The story focuses on the protagonist, Torvald, as he is visited by the mysterious Andrina who cares for him throughout winter. However, when Andrina fails to appear after several days, Torvald – realising he knows nothing about the girl – goes in search of her, only to find nobody else on the island has any knowledge of her existence. The inner story is then introduced as Torvald starts to think about the past he refused to inform Andrina of. The inner story, narrated in third person, focuses on Torvald’s past and we find out he had a brief summer romance with a woman named Sigrid. Torvald refused to tell Andrina about this romance as he is ashamed of what he did – he left Sigrid after finding out she was pregnant. The outer story is then reintroduced as Torvald reads a letter, sent to him by Sigrid, and discovers that not only is Andrina his granddaughter but she actually passed away before she started visiting him. This leads the reader to believe that Andrina visited Torvald in spirit form.

George Mackay Brown portrays Andrina and Torvald’s relationship to be a very affectionate one. The characterisation of Torvald shows an old man who is in need of companionship to save him from loneliness. Andrina comes across as a very caring person as we see the things she does for Torvald, we assume, everyday. We also get to see how much Torvald needs her:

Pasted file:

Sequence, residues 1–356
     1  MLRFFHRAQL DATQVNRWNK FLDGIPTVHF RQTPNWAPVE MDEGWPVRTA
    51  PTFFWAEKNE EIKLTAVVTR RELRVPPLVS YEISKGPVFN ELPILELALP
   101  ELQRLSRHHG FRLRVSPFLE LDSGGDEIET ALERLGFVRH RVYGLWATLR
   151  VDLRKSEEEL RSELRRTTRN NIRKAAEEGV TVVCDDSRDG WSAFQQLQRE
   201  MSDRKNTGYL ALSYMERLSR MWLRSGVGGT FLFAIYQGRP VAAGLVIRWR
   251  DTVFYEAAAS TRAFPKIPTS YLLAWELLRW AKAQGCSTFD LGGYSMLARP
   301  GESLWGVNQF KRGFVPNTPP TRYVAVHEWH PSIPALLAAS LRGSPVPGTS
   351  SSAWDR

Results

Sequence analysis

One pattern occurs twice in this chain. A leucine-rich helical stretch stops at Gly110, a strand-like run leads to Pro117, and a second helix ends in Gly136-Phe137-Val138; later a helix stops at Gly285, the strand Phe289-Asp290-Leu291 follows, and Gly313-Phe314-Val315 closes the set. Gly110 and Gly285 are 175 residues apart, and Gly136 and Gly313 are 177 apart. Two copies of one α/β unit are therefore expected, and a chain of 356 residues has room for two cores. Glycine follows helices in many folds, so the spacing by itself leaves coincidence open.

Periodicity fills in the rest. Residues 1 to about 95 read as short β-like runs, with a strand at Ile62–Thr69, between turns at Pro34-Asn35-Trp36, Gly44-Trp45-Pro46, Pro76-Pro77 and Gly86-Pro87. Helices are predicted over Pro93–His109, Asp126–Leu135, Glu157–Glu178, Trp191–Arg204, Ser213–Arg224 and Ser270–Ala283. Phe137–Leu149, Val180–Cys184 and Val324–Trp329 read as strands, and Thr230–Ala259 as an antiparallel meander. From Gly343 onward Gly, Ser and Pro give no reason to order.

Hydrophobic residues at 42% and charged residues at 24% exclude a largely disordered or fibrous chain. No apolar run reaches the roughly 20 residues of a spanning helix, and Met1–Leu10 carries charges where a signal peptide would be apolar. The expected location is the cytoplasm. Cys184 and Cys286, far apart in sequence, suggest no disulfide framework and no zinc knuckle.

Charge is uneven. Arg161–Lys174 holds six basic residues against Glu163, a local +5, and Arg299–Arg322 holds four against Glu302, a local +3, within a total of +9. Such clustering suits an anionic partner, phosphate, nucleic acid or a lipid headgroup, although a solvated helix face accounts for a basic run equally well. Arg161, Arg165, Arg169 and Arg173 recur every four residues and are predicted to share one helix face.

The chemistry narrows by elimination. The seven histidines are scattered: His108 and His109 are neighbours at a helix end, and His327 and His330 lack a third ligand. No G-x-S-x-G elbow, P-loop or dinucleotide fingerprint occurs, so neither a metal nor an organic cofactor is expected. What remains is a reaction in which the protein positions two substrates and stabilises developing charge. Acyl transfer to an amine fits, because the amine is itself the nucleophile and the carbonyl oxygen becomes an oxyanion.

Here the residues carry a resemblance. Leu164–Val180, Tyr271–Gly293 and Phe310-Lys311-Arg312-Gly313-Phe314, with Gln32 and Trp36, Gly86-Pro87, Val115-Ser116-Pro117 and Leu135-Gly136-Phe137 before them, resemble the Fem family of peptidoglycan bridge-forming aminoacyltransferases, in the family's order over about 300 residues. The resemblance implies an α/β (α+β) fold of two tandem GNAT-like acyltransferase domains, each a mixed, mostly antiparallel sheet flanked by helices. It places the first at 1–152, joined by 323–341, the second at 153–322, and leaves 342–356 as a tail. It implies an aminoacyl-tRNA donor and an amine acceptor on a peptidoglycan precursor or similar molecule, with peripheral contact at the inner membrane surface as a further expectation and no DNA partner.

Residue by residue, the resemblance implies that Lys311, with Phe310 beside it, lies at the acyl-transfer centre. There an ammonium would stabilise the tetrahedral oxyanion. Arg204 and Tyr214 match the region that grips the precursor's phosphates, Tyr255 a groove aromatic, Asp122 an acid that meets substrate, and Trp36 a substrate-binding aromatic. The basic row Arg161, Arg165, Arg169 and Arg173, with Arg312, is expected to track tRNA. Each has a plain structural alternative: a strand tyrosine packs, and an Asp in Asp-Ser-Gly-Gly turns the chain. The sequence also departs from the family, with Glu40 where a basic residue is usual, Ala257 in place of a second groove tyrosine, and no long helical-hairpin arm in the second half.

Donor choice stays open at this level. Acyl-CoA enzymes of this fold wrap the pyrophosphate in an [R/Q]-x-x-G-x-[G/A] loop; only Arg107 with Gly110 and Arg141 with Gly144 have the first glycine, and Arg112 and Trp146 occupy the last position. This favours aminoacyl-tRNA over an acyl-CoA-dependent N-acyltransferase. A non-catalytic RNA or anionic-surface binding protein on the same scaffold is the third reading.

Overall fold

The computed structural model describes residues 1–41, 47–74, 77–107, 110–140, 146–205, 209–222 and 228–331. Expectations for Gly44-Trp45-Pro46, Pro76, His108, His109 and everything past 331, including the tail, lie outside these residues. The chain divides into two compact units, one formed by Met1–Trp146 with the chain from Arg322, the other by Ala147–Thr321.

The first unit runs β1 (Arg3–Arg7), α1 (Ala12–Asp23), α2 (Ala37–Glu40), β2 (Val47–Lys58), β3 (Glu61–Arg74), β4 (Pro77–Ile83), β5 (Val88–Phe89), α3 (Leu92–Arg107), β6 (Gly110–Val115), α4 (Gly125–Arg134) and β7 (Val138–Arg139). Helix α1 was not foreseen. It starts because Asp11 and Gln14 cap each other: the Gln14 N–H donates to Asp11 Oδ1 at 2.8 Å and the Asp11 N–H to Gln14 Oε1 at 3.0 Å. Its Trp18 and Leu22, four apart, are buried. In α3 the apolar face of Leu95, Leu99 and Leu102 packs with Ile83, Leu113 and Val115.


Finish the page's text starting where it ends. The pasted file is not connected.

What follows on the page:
“She lights…..sets the peat fire….she fusses…..fills a stone hot-water bottle…”

The reader gets the idea that this is Andrina and Torvald’s daily routine during the winter. Through words such as “lights”, “sets” and “fills”, we see how much Andrina does for Torvald, leading us to believe that she cares a great deal for him and shows that they have a caring relationship. This is effective in showing Torvald’s need and disappointment towards Andrina as without her, Torvald probably wouldn’t be able to cope during the winter and would be extremely lonely. He feels letdown by Andrina when she fails to appear as he no longer has anyone to care for him, and feels she has left him in his time of need; he has the flu. The reader again sees how much Torvald needs Andrina when he describes how he would feel if he saw her:

“A few words from her would be like a bell-buoy to a sailor lost in a hopeless fog”

Torvald is being overly dramatic here as he is comparing his situation to one that could mean life or death. The dramatic image suggests that Andrina is saving Torvald, or could save him from being lost and lonely, just as a bell-buoy would save a stranded sailor. He needs her to guide him, like a bell-buoy would a sailor.

This image allows the reader to relate to Torvald’s need of Andrina as he is comparing him not having Andrina to a life or death situation, which gives us the obvious thought that he must desperately need or – or feel like he does. The fact that Torvald feels like he needs Andrina so badly intensifies his feelings of betrayal, as he feels that, without her, he wouldn’t be able to cope. Torvald’s sense of betrayal is heightened by the passing of time. He begins to count down the days, hoping Andrina will appear:

“She did not come again on the third afternoon”